I came away with much to ponder, not only about hospitals, but about leadership and certainly about the ways we do Church. It also sowed real seeds of hope about a new kind of chaplaincy in MK.

Particular thanks to those who led us through the day; squirm and duck for the credits — It’s an unforgivable sin for some British to acknowledge other people’s work, especially in the public sector, without being cynical and/or nasty about them, but this is what I want to thank you for:
  • Peter Blackshire (Co-ordinating chaplain) — There’s lots to work out, but you’ve got a real team, and it shows. Many ministers, and healthcare professionals, say they want to work as a team — few acually do. Insecurity and Ego compromises their best efforts. Your clarity of purpose and consistency shone through. May your trolley arrive soon!
  • Clare Culpin (Director of Nursing) I found your awareness of everyone as a practitioner, courage and realism, refreshing and inspiring. I seldom meet anyone who has come through 20 years plus of leadership in medical care with such a focussed and lively sense of how things actually work together.
  • Fiona Lisney (Palliative Care Consultant) showed me how soft and hard skills (to use conventional distinctions) actually can work together to help patients at what could be the most awful time of life, the journey home. You actually demonstrated how to get a system working for patients.
  • Julie Burgess (Chief Executive) We were overwhemed by your realism, you will to listen and respond to anyone, your awareness of your context, along with your uncompromiseing commitment to your core values. The heart of your leadership seemed to be willingness to take risks in not cutting corners. I wish there were more of that kind of faith and courage around.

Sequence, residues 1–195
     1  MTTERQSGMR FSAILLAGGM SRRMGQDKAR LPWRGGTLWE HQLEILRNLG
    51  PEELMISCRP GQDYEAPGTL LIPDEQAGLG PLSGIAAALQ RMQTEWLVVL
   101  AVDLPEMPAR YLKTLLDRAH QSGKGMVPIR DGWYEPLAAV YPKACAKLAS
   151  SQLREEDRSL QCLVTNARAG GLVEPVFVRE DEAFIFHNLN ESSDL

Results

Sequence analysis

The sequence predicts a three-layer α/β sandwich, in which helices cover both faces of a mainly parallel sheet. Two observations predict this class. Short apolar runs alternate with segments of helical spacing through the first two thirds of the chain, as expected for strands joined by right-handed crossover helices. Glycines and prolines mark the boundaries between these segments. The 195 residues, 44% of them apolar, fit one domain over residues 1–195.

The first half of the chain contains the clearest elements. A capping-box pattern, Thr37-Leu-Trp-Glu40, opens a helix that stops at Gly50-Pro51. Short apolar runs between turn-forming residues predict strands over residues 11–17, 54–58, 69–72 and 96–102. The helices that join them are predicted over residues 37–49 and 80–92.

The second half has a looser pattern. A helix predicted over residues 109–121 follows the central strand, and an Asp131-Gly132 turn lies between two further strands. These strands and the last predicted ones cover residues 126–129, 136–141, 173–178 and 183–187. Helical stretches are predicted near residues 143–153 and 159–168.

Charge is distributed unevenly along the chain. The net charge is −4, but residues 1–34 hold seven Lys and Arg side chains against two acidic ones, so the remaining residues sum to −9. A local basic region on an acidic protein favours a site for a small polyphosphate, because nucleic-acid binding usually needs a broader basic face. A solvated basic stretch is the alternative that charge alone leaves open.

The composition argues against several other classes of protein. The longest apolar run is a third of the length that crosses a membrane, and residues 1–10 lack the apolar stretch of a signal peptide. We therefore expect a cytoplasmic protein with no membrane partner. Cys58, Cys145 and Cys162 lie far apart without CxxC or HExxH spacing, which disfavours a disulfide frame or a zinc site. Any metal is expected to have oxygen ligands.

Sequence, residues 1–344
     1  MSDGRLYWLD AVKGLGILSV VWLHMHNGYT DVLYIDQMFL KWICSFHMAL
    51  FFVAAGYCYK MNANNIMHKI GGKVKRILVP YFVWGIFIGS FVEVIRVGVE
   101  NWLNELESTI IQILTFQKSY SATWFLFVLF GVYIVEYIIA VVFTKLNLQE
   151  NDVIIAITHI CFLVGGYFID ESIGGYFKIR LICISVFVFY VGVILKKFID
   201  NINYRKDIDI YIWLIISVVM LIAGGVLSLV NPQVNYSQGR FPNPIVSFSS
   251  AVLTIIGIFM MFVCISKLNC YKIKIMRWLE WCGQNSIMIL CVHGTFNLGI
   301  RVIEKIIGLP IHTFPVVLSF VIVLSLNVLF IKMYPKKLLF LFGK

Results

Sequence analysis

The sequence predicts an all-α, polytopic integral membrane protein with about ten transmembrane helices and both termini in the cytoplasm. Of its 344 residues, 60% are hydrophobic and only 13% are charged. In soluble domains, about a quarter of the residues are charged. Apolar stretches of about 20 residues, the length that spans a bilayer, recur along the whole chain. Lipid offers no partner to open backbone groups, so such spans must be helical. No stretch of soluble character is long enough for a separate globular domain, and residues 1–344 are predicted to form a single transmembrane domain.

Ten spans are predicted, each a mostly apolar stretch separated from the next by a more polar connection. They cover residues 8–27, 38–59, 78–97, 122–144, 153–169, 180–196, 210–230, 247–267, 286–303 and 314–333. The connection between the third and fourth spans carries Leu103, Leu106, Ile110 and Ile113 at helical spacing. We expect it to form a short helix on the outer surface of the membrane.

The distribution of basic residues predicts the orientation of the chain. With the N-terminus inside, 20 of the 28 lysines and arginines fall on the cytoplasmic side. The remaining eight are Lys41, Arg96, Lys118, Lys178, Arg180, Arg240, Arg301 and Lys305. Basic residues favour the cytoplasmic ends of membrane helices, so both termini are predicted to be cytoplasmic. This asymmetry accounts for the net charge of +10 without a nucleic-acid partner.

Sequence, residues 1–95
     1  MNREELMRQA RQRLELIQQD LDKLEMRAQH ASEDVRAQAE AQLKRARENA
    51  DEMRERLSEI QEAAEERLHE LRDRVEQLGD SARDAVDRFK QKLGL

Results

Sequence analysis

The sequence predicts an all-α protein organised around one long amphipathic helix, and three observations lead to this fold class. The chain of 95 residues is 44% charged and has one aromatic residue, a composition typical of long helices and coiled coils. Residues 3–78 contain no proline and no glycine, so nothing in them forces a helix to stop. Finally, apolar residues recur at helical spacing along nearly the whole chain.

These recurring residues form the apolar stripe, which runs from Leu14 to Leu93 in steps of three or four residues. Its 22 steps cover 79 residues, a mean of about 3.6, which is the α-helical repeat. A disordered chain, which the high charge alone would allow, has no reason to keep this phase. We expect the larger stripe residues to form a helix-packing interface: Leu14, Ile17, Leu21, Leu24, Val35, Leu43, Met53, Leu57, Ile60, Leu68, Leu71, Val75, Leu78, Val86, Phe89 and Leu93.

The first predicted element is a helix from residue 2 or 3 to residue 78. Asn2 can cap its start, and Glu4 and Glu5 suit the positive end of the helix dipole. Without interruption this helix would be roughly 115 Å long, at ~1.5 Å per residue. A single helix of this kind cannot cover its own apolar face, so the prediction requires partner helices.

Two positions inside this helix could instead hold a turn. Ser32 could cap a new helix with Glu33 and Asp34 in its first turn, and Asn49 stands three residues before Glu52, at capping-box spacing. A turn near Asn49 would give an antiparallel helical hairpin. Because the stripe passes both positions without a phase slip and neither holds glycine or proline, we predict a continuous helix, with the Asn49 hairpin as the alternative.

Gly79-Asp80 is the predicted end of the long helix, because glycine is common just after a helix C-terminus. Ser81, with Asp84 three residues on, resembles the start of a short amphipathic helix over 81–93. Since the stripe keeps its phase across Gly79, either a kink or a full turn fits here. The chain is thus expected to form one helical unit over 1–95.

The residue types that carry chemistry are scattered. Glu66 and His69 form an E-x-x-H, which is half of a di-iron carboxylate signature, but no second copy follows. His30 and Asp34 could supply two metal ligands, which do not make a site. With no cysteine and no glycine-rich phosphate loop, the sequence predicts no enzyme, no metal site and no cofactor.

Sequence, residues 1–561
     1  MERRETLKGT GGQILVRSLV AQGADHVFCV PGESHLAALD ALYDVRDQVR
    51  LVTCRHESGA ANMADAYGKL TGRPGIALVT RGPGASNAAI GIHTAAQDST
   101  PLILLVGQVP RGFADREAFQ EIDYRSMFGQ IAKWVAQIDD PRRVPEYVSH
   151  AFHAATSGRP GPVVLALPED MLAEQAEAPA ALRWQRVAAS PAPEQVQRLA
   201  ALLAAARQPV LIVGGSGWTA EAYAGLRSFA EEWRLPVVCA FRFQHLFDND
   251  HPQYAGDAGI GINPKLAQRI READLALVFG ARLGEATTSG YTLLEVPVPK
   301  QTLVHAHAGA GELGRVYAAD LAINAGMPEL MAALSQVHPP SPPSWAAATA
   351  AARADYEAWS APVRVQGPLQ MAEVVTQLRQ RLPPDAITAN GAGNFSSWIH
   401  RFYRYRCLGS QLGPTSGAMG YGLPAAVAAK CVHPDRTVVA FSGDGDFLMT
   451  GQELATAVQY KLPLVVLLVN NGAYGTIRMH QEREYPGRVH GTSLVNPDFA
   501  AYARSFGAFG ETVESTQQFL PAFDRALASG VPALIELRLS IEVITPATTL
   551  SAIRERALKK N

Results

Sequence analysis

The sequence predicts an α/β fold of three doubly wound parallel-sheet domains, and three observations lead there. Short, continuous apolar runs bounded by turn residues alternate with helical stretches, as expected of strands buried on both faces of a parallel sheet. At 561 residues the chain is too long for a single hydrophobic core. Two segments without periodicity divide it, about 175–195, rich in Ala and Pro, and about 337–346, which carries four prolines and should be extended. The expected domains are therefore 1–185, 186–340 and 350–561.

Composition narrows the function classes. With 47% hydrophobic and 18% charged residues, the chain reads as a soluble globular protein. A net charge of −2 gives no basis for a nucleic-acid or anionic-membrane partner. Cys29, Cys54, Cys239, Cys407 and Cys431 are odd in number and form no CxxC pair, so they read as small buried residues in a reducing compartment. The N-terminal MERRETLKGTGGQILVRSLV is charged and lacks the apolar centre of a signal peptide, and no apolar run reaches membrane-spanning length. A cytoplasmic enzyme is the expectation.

• Chris Langley (Trust Chairman) Perhaps it comes from the retail background, but your will to take the people the trust serves seriously came over clearly. Assertive loudmouth leadership like the Apprentice on TV gets organisations so far — but to excel you need something very different — passion and humility, openness and rigorous commitment to making the syetem coherent and effective.

3 comments:

wifeofacurate said...

My Dad died in 2008 in the Critical Care Unit of the QA Hospital in Portsmouth. He was/and indeed still is a priest. It was vital to him to receive Communion before he died and thanks to the care of the Chaplain concerned he did just this. He received Communion one day and the day after my darling Daddy died. He was 62.
My family will be eternally grateful for the efforts of the staff in the CCU where he was treated for a month and forever grateful to the wonderful Chaplain who granted his last wish.

ramtopsrac said...

This is really inspiring and timely as someone currently part of a small group trying to discern the values that my church will seek to live out over the next few years!

We're a troubled place at present, and I wonder if or how the idea of forgiving is lived out at Wexham Park between staff? I know its not a medical term but I'm very aware that when we try and live along a set of intentional values we will make mistakes - how does dealing with that work?

Bishop Alan Wilson said...

WoC thanks for your moving testimony to the way chaplains can link in people to their faith in hospital — very much the classic pattern, and I was inmpressed how it did't seem that had been lost at WP. but rather enhanced by better integrating the work of chaplains with everybody else.

ramtopsrac, thanks for raising a really fundamental question in any organisation — forgiveness and the way failure is handled. Whilst I don't know the answer, the people I met would, and I wish I'd asked!

If had to extrapolate a answer from what was said, I think it would be something like "each falure matters in its own particular way to particular people. The whole system is there to make sure indicidual failures do not scupper the whole any more than is inevitable. A strong values ethos combined with pragmatism breeds humility and realism when things go wrong. I imagine some staff find it easier to forgive than others! and to be forgiven!

Really healthy churches can really show a new way of responding to failure — but not so healthy ones are ften hung up on perfectionism and unrealistic expectations all round, perhaps.